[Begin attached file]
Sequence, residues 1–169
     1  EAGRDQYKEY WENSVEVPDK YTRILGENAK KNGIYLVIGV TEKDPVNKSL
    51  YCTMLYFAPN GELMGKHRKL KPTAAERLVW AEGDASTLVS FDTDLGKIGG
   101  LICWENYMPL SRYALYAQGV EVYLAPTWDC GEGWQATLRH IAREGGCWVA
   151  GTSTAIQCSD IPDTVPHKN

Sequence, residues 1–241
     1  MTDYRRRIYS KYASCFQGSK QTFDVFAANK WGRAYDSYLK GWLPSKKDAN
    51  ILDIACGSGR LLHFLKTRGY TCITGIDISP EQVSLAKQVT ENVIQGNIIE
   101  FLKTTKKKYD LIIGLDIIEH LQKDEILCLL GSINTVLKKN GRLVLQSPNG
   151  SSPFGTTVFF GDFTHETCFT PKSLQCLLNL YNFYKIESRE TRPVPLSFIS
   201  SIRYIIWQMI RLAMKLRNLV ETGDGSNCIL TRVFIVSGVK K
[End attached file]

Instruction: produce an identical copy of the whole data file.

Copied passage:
Sequence, residues 1–169
     1  EAGRDQYKEY WENSVEVPDK YTRILGENAK KNGIYLVIGV TEKDPVNKSL
    51  YCTMLYFAPN GELMGKHRKL KPTAAERLVW AEGDASTLVS FDTDLGKIGG
   101  LICWENYMPL SRYALYAQGV EVYLAPTWDC GEGWQATLRH IAREGGCWVA
   151  GTSTAIQCSD IPDTVPHKN

Sequence, residues 1–241
     1  MTDYRRRIYS KYASCFQGSK QTFDVFAANK WGRAYDSYLK GWLPSKKDAN
    51  ILDIACGSGR LLHFLKTRGY TCITGIDISP EQVSLAKQVT ENVIQGNIIE
   101  FLKTTKKKYD LIIGLDIIEH LQKDEILCLL GSINTVLKKN GRLVLQSPNG
   151  SSPFGTTVFF GDFTHETCFT PKSLQCLLNL YNFYKIESRE TRPVPLSFIS
   201  SIRYIIWQMI RLAMKLRNLV ETGDGSNCIL TRVFIVSGVK K